Dodgers preparing another bumper crop

LaRoche, Elbert, Meloan are next wave of LA prospects

(Ted Mase/Getty Images)

By Lisa Winston / | March 16, 2007 6:00 AM

The future success of every Major League team lies in its Minor League system. With that in mind, each preseason, takes a top-to-bottom look at all 30 organizations, from top prospects to recent draft picks.

This is what a farm system is all about.

The Los Angeles Dodgers had received acclaim behind the scenes for developing what appeared to be one of the deepest Minor League talent pools in the game. But if you can't translate that talent to big-league production when needed, what is it good for?

In 2006, it was good for a surprise spot in the postseason as the Dodgers made it to the playoffs for just the second time in a decade. And they did it thanks in large part to contributions from several of their top prospects, including outfielder Andre Ethier, catcher Russ Martin and pitcher Chad Billingsley.

This year, there looks to be even more where that came from as the Dodgers hope to find playing time for first baseman/outfielder James Loney, last year's Minor League batting champion, power-hitting third baseman Andy LaRoche, who was slowed last year by shoulder trouble, and a return from multi-talented outfielder Matt Kemp, who's no longer a rookie but still very much a prospect.

Those are only a few of the names that could dot the Dodgers' roster this season.

General manager Ned Colletti made a great impression in his first year in the post and Grady Little is not only the consummate players' manager and true gentleman but also known for his ability and willingness to work with young players rather than just tolerate them.

Look for the system to provide even more benefits and make postseason play a lot less of a surprise.

Climbing the Ladder

Triple-A Las Vegas

Andy LaRoche, 3B-OF
The younger brother of Pirates first baseman Adam LaRoche is one of the top two power prospects in the system (coincidentally, the other, young Josh Bell, also is a third baseman). Only a shoulder injury kept him from joining the ranks of prospects who contributed to the Dodgers' 2006 playoff run as he underwent offseason surgery on a torn labrum that limited to 117 games.

LaRoche hit .315 between Double-A Jacksonville and Las Vegas, adding 19 homers, 81 RBIs and a .410 on-base percentage.

This spring, the Dodgers have been experimenting with him in the outfield in an attempt to get that bat to the Majors a little more quickly and give him a few more options for playing time. At this point, he's still behind Wilson Betemit at the hot corner, but Betemit can project as a utility player and in the long run, LaRoche's offensive upside is significantly higher. So it seems just a matter of time as to when LaRoche will win that job.

"I think knowing his mentality he wants to win the third base job, but Betemit is slotted there," said Chris Haydock, the Dodgers' assistant director of player development.

Haydock doesn't think a little more time at Las Vegas would be a detriment to LaRoche, noting the team would like to see him continue to work on his defense, where his arm is terrific, but his agility is an issue, and to work on trying to go the other way at the plate rather than trying to pull everything.
Video: LaRoche discusses the RCDP

Greg Miller, LHP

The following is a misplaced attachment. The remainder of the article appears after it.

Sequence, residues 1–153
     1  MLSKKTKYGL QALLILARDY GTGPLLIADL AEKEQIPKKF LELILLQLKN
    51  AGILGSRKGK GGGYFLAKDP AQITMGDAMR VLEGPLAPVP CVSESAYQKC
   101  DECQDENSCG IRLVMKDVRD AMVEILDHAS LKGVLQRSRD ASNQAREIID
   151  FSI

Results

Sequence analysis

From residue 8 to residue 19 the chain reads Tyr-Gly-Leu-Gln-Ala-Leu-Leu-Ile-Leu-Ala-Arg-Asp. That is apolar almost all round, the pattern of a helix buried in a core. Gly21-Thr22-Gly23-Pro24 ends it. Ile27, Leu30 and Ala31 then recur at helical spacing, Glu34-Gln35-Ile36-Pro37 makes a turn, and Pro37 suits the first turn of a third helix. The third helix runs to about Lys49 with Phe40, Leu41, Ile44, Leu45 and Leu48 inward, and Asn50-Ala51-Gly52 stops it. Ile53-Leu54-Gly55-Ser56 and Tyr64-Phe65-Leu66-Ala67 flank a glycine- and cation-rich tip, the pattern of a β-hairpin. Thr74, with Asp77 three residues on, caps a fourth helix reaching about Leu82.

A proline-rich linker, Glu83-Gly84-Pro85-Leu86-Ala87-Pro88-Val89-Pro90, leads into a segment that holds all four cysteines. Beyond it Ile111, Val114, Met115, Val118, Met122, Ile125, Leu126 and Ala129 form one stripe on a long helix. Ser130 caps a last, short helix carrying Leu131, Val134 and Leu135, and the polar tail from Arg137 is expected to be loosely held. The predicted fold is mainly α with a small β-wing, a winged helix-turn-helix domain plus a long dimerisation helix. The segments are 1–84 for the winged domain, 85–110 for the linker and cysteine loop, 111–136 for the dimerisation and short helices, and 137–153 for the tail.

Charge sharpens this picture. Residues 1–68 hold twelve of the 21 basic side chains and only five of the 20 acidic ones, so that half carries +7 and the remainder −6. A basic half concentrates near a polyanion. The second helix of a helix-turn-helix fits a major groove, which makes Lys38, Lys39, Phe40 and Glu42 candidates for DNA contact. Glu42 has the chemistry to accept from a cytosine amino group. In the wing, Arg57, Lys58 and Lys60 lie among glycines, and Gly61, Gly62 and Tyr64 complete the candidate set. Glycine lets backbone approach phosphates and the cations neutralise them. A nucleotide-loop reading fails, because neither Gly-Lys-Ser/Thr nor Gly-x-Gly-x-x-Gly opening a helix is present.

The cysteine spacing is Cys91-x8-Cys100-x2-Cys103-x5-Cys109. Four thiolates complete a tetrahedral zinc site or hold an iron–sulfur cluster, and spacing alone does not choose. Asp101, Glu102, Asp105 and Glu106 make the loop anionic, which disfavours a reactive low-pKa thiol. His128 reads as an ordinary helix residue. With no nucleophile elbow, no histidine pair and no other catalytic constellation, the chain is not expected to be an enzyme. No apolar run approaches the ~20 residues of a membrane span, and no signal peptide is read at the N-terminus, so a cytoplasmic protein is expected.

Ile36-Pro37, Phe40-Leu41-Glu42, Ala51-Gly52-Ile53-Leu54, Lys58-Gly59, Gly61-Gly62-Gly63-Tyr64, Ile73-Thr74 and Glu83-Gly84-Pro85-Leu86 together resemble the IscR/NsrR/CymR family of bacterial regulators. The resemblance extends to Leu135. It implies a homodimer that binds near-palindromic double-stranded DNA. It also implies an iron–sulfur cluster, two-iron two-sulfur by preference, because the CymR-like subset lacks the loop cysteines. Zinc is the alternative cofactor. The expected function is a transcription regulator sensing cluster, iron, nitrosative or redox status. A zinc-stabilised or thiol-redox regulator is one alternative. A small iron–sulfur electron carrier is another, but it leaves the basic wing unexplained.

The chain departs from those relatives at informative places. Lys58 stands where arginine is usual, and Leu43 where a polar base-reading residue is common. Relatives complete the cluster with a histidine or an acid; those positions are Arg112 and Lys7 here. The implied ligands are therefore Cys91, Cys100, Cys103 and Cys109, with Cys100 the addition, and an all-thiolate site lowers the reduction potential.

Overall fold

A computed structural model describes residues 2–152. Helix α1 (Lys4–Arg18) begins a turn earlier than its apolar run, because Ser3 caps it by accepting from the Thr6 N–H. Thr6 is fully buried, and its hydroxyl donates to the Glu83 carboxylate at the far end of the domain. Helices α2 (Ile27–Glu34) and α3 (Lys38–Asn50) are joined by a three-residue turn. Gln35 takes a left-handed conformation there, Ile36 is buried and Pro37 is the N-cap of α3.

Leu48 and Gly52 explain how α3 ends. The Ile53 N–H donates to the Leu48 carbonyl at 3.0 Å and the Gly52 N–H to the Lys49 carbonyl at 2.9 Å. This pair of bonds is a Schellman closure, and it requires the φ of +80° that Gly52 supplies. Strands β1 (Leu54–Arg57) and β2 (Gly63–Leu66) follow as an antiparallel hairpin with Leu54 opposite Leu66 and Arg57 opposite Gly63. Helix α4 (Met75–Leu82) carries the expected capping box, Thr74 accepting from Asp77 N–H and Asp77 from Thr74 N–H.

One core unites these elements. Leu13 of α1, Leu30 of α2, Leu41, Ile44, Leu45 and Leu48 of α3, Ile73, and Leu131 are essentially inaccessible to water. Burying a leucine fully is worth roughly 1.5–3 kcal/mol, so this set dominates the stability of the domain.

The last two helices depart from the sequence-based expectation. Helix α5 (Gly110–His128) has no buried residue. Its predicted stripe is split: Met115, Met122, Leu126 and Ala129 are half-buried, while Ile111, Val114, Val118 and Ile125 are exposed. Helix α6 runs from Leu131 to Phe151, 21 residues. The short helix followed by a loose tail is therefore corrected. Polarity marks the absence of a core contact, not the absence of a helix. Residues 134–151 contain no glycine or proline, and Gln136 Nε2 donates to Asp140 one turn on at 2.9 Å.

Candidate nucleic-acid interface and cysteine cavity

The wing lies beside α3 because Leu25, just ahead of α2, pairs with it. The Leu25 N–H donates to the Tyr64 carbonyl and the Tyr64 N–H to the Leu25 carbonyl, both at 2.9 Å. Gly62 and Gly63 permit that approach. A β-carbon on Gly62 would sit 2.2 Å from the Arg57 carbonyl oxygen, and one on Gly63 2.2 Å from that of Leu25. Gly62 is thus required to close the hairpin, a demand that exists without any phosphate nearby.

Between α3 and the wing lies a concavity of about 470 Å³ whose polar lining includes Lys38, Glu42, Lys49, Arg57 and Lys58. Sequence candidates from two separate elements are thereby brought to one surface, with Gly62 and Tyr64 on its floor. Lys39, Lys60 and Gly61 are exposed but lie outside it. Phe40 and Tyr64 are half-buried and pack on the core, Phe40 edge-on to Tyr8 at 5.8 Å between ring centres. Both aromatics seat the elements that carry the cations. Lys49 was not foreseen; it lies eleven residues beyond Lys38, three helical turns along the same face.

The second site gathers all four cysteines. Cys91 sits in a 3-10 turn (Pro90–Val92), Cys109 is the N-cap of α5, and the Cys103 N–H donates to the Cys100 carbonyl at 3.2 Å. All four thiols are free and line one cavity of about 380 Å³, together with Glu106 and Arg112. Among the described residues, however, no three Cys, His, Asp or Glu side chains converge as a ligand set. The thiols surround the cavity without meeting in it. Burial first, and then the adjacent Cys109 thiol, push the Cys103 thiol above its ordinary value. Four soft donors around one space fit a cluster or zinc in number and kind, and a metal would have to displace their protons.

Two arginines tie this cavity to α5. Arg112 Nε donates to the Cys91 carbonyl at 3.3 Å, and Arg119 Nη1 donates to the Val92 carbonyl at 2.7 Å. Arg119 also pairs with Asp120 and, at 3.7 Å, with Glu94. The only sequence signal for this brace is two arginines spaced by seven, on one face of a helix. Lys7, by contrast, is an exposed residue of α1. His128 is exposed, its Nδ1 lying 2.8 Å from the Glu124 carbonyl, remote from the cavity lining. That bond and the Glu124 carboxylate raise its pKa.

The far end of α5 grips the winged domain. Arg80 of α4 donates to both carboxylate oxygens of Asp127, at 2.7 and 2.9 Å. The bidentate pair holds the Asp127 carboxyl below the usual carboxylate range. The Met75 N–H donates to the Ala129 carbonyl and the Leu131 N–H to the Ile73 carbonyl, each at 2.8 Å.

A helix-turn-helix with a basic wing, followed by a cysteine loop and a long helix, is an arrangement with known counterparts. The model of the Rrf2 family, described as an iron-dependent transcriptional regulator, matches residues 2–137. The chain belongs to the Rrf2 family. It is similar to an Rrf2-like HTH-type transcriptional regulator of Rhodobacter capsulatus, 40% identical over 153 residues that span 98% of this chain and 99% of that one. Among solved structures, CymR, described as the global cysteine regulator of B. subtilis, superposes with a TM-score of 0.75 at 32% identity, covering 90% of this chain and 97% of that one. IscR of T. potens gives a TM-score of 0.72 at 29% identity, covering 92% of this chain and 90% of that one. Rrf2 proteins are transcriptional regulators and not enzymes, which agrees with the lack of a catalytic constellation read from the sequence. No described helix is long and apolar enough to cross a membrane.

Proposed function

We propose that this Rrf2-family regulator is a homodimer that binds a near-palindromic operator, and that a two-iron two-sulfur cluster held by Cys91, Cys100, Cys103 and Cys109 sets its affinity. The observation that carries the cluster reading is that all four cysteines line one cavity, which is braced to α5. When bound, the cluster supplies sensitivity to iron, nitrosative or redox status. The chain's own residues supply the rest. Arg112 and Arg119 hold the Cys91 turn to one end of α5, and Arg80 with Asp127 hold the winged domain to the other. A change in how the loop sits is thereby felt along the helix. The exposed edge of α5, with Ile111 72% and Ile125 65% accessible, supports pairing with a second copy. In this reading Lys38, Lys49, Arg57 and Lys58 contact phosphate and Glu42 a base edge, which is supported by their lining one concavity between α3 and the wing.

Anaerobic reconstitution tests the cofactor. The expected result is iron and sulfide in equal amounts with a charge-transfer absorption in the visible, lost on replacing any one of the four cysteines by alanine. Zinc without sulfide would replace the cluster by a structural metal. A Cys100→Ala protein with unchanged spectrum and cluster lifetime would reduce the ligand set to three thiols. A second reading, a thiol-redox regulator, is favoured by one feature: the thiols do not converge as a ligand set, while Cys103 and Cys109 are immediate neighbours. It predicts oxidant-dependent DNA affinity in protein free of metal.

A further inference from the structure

A 2002 supplemental first-round pick, Miller was the prized left-handed prospect in the system when he went 11-4 with a 2.49 ERA at Vero Beach in 2003, then moved up to Jacksonville, where he had a 1.01 ERA in four starts. Then his shoulder gave out and, two operations later, he did not return to the mound until late in 2005. Even in '06, he was still somewhat in rehab mode, trying to regain consistency.

In 60 innings between Jacksonville and Las Vegas, he combined to strike out 56 batters, but he also walked 46. He posted an 0.79 ERA in 23 innings in Double-A, where opponents hit just .154 against him, and a 4.38 ERA in 37 more at Vegas. He's still just 22.

"He's healthy and he's amazing, he throws like an octopus," Haydock gushed. "He has sick, filthy stuff and could easily make the big-league roster."

2006 Organizational Record
A (Adv)
Las Vegas
Vero Beach







Others to watch: If 1B James Loney doesn't make the big club with a chance to play on a regular basis, he could be back at Las Vegas for a little while, though after hitting .380 there last year there is not a whole lot more for him to prove in the Minors. Then again, given the shall we say frailty in the past few years of 1B Nomar Garciaparra, his time in Triple-A may be short. The Dodgers' Minor League Player of the Year in 2006, Loney also hit .284 in 102 at-bats with the big league club (when Garciaparra was hurt). A 2002 first-round pick out of high school in Texas, he's also an excellent defensive first baseman. The left-handed hitter added eight homers, 67 RBIs and 33 doubles. ... OF Matt Kemp is no longer a rookie, but he's still very much a multi-talented prospect and, after jumping from Class A in 2005 to the Majors in 2006, he'll likely get some more seasoning at Las Vegas. Overall in the Minors last season, he hit .346 with 25 steals and possesses both speed and huge power. He came to spring with new contact lenses that he hopes will help his vision at the plate.
Video: Loney blasts a two-run jack
Video: Kemp reflects on his time in the Minors

2006 Organizational Leaders
Home Runs
Stolen Bases
James Loney
Sergio Pedroza
Delwyn Young
A. Godwin, R. Rogowski
Spike Lundberg
Spike Lundberg
Scott Elbert
Mark Alexander
Complete MiLB statistics

Double-A Jacksonville

Chin Lung Hu, SS
Though Hu hit just .254 at Jacksonville in 2006, his average hovered around .300 in previous seasons, so the Dodgers aren't too worried about his bat. A former standout for the Taiwanese national team, he is as solid as they come with the glove and adds in the spectacular play.